Infinite Conversations: Asian-Australian Artistic Exchange in our Contemporary Australian Art Galleries

National Gallery of Australia


Infinite conversations delves into the NGA collection to consider the creative practice of artists from mainland China and Hong Kong, a number of whom settled in Australia following the 1989 Tiananmen Square protests.

Art for lunch

Thursday 16 August 12.45pm

NGA, Australian art galleries

Deborah Hart, Head of Australian Art, speaks about the evocative art of Chinese-Australian artists in the exhibition.


Fearless: Contemporary South Asian art

21 July 2018 - 6 January 2019

Art Gallery of NSW

This is the Gallery’s first exhibition to focus on women artists with ties to South Asia. Drawn primarily from the Gallery’s collection, Fearless includes major works by Nalini Malani, Pushpamala N and Clare Arni, Adeela Suleman, Alia Syed and Shahzia Sikander. The exhibition explores individual interpretations of politics and nationalism alongside the consequences of shifting borders. Each artist interrogates connections to diverse cultures and geographies, fearlessly questioning historical events, personal memories and their own identity

Temporary Certainty

31 August – 14 October 2018

4A Centre for Contemporary Art

With a focus on Bengal, Kurdistan and the Kimberley region of Western Australia, this exhibition explores how artists respond to the social impact of sudden shifts of historical change wrought by complex interventions. New works from Australian artists Rushdi Anwar and Alana Hunt have been created especially for Temporary Certainty, which will also showcases new work by Sarker Protick, the first time the Bangladeshi artist has exhibited in Australia.


The Long Story

19 August 2017 - 23 September 2018


Explores themes and practices that have shaped the Gallery's Asian and Pacific Art Collection, and includes new acquisitions, seminal holdings, historical artefacts and works acquired throughout the history of the APT. 


Japonisme. Japan and the Birth of Modern Art

25 May – 28 October 2018

NGV International

In the second half of the 19th century Japan opened its borders to international trade. The resulting influx of Japanese artworks into Europe and America, including woodblock prints, ceramics, lacquer and textiles, triggered a revolution in the arts and design. Progressive artists across Europe adopted elements of the visual language of Japanese art in order to forge a new European art aesthetic in a phenomenon known as Japonisme. This exhibition explores the impact of Japanese art and design upon the arts in the West in the 19th and early 20th centuries.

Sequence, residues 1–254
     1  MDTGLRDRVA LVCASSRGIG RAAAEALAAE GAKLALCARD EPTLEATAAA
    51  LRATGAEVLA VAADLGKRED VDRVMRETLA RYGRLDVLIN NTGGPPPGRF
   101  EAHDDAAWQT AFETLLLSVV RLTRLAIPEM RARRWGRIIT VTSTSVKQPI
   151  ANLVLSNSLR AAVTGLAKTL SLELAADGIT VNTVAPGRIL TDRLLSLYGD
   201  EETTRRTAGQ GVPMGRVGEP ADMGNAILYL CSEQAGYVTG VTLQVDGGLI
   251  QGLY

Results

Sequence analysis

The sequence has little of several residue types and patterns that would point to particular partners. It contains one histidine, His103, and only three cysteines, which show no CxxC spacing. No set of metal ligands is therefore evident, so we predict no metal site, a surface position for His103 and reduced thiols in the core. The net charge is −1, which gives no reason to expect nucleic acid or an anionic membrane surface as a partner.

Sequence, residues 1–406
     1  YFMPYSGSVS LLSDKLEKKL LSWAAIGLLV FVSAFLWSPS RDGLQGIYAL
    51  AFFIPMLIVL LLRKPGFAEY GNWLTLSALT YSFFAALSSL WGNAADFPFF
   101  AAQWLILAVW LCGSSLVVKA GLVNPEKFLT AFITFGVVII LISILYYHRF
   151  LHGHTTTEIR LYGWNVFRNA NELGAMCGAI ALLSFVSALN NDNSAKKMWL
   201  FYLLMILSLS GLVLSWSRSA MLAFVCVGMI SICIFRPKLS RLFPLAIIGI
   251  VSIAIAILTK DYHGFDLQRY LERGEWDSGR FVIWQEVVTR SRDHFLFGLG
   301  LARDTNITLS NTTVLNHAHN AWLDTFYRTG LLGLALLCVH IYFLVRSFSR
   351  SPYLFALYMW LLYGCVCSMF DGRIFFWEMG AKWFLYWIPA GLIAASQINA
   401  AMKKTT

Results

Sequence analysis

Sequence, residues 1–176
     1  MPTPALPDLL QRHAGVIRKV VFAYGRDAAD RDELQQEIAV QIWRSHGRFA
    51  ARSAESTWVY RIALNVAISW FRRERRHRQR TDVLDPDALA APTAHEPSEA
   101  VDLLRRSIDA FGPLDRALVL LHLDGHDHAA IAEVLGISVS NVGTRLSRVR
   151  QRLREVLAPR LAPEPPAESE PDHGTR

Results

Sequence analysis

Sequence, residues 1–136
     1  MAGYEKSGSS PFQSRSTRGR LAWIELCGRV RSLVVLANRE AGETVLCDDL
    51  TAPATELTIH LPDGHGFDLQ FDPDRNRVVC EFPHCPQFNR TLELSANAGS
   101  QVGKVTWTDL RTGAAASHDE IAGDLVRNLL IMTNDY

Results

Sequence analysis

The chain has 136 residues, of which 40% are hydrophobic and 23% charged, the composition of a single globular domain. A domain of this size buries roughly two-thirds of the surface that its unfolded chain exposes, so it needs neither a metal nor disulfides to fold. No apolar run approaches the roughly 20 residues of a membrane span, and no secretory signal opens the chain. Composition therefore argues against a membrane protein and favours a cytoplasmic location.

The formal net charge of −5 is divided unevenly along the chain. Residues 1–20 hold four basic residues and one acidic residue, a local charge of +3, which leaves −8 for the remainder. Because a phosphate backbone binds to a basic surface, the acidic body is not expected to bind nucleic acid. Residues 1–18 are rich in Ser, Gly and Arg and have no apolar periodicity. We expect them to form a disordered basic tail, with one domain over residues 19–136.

The Poetry of Nature. Edo Paintings from the Fischer-Bender Collection

To 21 January 2019

Metropolitan Museum of Art New York

Featured are more than 40 outstanding examples of Edo-period hanging scroll paintings presented in juxtaposition with some 15 contemporary Japanese ceramics from the Fishbein-Bender collection. Unexpected pairings of paintings and decorative objects are also part of an age-old Japanese tradition called tori-awase (connoisseurial arrangement). An additional 50 works in various formats and media from the Met collection provides further context.

The Second Buddha. Master of Time.

To January 2019

Rubin Museum New York

Tells the story of the legendary Indian master Padmasambhava (the Lotus Born) believed to have been instrumental in converting the land and people of Tibet to Buddhism.

Monsters, Devils and Demons

24 May – 16 September 2018

Rietberg, Zurich

Monsters, devils and demons: every culture has them. Frightening and fascinating at the same time. This culture-bridging exhibition presents paintings, woodblock prints, drawings, textiles, netsuke, as well as a selection of Persian, Japanese, Indian and Swiss masks.

Ge Ware Exhibition

Till 31 August 2018

The Palace Museum, Beijing

In the history of ceramics in China, the Ru, Guan, Ge, Ding and Jun Kilns are collectively known as the 'Five Great Kilns'. The Palace Museum houses one of the largest collections of the finest artefacts from these kilns, most of which were part of the Qing dynasty court collection. Authentic and copied Ge ware from the Palace Museum collection make up the majority of this exhibition. There are also ceramic fragments and restored items excavated from sites in Longquan and Hangzhou in Zhejiang, as well as relics and intact pieces lent by Museums such as the Shanghai, Shandong and Capital Museums.

Splendid Accessories of Nomadic People: Mongolian, Muslim and Tibetan Artefacts of the Qing Dynasty from the Museum Collection

Till 20 August 2018

National Palace Museum, Taipei

This special exhibition focuses on artefacts related to imperial authority of the Qing dynasty and its interaction with Mongolian, Muslim and Tibetan peoples. From the perspectives of material culture and anthropology, it explores the features of these groups and, at the same time, the unique characteristics and cultural contents of their art forms.

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